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Editor’s note: With the addition of Larry Donalds to the Fiber Optic Center team, we now offer preform fabrication consulting services to manufacturers of specialty optical preforms and fibers. You can look to Larry for guidance selecting the right MCVD fabrication system for your needs, post-installation troubleshooting to meet exacting product specs, developing custom solutions, training personnel, and writing standard operating procedures (SOPs). A unique and particularly valuable service is Larry’s troubleshooting expertise to overcome the many preform fabrication and fiber draw issues manufacturers face when producing specialty optical fibers. We invite you to read this article by Larry Donalds – where he shares multiple troubleshooting tips – and review his impressive bio at the end of this article.

 

What keeps you awake at night?

If you manufacture specialty optical preforms and fibers, you know it can be challenging to enhance reproducibility and high yields. Believe me, you aren’t alone. It seems everyone in this business has a problem that keeps them up at night – an issue they can’t solve or a technique they aren’t able to master.

 

For example:

 

  • Do you struggle with strength and deposition? Proper tube cleaning and flame polish can prevent strength and deposition issues.

 

  • Do you have difficulty achieving straight preforms? This is definitely an art and requires some practice. I have found procedures that deliver a reproducible technique. For example, setting the optimum burner H2/O2 ratio can prevent preform sagging and glass burn-off during collapse, which leads to variability later in the process.

 

  • Do you have issues with stress layer (high-expansion coefficient glass) deposition bubbles or cracking later in the process? There are proven techniques to minimize these issues that can be programmed into your deposition process.

 

  • Do you have high purity raw materials? Regarding corrosive gases, specifying the purity levels (water content and metallic impurities) that you will deliver to your preform during deposition is critical. Regarding liquid reagents, bubbling oxygen through to vaporize them adds an additional purification, but you still need to carefully specify low metallic impurities in liquid reagents to achieve low loss fibers.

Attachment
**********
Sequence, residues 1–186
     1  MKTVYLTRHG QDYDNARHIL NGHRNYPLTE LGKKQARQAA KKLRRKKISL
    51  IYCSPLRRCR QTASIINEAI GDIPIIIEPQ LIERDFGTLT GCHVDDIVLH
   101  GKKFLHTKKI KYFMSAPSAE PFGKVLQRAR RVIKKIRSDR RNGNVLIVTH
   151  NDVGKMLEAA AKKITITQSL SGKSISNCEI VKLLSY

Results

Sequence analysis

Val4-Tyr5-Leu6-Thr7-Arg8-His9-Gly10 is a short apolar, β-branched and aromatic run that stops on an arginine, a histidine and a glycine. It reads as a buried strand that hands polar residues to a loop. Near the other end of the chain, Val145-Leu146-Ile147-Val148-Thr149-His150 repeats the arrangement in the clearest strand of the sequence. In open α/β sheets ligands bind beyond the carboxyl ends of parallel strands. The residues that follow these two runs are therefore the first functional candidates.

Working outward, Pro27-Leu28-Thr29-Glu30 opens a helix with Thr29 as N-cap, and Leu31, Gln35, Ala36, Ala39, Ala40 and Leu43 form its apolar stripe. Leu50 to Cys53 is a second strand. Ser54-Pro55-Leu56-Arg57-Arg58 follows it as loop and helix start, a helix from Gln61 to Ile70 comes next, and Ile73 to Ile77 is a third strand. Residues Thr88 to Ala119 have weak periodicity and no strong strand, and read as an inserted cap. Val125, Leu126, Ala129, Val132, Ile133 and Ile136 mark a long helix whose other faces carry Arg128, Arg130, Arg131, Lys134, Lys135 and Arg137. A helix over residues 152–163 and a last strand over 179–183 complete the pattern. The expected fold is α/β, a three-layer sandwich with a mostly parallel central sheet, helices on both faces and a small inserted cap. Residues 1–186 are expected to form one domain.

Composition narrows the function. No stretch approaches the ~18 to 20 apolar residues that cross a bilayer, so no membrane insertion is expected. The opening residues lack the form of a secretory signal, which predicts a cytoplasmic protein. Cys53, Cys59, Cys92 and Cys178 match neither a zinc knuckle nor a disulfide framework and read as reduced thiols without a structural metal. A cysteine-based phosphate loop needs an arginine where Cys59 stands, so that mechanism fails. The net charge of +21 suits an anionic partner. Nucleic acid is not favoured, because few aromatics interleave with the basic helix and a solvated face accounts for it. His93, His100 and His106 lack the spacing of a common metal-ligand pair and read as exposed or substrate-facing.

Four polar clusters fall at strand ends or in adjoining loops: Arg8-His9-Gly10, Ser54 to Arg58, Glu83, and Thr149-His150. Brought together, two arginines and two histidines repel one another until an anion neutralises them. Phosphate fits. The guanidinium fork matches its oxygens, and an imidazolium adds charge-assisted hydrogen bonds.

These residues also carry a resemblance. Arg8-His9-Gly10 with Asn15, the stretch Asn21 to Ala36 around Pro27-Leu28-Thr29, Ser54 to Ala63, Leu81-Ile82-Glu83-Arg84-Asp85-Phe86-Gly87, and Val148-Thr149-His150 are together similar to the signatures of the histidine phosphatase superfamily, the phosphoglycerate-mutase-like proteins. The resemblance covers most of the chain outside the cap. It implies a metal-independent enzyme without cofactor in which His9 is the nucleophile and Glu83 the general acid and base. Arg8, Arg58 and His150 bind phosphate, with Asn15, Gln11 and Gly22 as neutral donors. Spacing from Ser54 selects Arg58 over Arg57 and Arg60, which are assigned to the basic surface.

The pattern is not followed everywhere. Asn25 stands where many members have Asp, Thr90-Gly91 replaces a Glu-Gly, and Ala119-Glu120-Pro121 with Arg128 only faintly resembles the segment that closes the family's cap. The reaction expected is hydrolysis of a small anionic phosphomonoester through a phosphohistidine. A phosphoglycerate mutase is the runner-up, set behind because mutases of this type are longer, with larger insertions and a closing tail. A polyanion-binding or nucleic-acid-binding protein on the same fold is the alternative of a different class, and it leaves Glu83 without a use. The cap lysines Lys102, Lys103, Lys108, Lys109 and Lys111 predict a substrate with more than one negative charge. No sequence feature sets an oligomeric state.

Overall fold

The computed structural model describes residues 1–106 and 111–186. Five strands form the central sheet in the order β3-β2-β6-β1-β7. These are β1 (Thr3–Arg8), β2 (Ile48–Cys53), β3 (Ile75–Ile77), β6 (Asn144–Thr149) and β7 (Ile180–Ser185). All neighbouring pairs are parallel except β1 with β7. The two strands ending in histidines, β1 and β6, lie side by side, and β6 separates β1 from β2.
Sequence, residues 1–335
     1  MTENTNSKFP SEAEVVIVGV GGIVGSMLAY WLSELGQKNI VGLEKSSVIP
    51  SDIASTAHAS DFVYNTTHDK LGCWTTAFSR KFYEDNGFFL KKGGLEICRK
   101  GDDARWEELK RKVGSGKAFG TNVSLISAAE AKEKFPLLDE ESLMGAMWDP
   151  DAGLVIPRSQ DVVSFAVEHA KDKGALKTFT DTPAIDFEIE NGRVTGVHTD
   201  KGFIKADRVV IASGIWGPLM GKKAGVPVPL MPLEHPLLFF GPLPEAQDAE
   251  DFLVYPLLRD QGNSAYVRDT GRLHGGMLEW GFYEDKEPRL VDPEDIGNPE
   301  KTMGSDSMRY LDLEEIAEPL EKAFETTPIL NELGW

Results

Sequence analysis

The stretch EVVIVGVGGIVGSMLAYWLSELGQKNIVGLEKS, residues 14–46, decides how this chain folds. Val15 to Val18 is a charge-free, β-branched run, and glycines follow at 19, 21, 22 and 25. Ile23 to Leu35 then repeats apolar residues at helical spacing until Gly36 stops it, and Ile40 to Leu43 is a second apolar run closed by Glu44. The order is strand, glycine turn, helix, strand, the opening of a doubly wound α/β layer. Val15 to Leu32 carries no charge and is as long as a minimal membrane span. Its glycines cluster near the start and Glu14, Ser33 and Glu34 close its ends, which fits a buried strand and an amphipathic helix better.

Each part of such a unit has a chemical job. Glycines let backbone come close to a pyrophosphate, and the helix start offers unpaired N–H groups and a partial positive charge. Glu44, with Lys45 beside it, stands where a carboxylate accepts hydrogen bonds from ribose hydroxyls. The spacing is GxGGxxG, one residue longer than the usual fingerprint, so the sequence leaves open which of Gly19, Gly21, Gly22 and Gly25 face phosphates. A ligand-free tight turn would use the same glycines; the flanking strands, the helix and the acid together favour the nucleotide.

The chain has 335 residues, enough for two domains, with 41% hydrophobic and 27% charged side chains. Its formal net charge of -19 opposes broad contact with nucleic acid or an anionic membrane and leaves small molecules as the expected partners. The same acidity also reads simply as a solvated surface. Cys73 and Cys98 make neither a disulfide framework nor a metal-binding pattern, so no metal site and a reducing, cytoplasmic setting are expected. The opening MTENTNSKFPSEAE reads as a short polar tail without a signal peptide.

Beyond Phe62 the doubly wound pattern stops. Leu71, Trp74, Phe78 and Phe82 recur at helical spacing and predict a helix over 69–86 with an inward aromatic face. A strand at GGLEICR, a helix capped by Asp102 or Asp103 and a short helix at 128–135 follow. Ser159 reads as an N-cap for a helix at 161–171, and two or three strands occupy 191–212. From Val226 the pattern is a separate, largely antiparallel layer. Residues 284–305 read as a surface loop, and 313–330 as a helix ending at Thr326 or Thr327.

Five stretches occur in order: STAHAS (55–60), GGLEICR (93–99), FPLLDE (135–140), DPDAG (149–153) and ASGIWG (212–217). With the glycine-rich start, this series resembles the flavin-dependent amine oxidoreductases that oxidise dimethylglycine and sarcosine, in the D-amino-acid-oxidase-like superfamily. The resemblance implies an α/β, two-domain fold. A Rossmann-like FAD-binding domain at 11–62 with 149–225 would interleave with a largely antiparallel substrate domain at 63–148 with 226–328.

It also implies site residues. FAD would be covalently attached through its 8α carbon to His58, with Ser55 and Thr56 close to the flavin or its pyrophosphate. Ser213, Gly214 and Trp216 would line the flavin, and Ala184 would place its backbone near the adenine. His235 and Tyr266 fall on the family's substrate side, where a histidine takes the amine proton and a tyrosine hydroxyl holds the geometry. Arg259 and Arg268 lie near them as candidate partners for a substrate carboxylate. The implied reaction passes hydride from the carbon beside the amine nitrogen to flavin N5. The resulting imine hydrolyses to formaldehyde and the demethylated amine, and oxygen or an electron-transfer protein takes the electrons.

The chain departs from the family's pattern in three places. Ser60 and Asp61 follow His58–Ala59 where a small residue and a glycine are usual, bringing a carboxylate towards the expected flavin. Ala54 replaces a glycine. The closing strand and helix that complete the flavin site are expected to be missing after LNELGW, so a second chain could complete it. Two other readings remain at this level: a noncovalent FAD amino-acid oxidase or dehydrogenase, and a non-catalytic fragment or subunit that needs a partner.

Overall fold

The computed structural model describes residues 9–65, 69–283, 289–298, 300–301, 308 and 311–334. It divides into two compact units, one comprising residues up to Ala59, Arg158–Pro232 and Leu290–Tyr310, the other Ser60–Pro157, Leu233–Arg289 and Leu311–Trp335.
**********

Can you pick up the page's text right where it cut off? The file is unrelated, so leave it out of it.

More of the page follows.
Many of these issues can be solved and specialty preforms can be mass produced by adding custom solutions, standardizing procedures, and ensuring personnel are properly trained. In the 24 years I worked in 3M Company’s specialty fiber lab, we developed and manufactured high-performance optical preforms and fibers. In doing so, we created and patented techniques to manufacture Polarization Maintaining (PM) and Polarizing (PZ) fibers – techniques that offered reproducibility and high yields.

 

A brief comparison of the two types of MCVD preform fabrication systems

If you’re entering the optical fiber preform manufacturing market, you may be investigating the two types of systems available to make a purchase decision. If you already have a fabrication system – no matter which system you use – you can call us for technical help with troubleshooting, training personnel, writing SOPs, and developing custom solutions.

Here’s a very quick look at the pros and cons of the two types of MCVD gas delivery systems. If you’d like more advice and insight, I encourage you to call me. We can further delve into the pros and cons – and identify the system that best meets your needs.

 

  • Stainless steel – Built entirely out of stainless steel, this gas delivery system is generally considered to be more leak-tight. However, if you have a problem with moisture in your gas streams or if you do develop a leak, the internal system surfaces can corrode. If this happens, you will most likely experience high fiber losses. To remove the contaminated delivery lines, you will be required to dismantle the system and replace components and liquid reagents. Another disadvantage of stainless steel is not being able to observe chemicals in the bubblers (color changes can indicate purity issues and poor bubble streams can impact vapor generation).

 

  • Teflon and glass – Teflon and glass systems, manufactured by companies like SG Controls Ltd, are corrosion proof. If a gas drier should fail and a wet gas stream is introduced to the chemicals, the fiber water peak will rise. Typically merely waiting for the system to dry down will put you back in business. Disassembling the delivery system delivery tubing is not required. Potentially, there is a slightly higher chance of leaks, but this is rarely a problem. Also, a “clear” benefit is the ability to observe chemicals in the bubblers.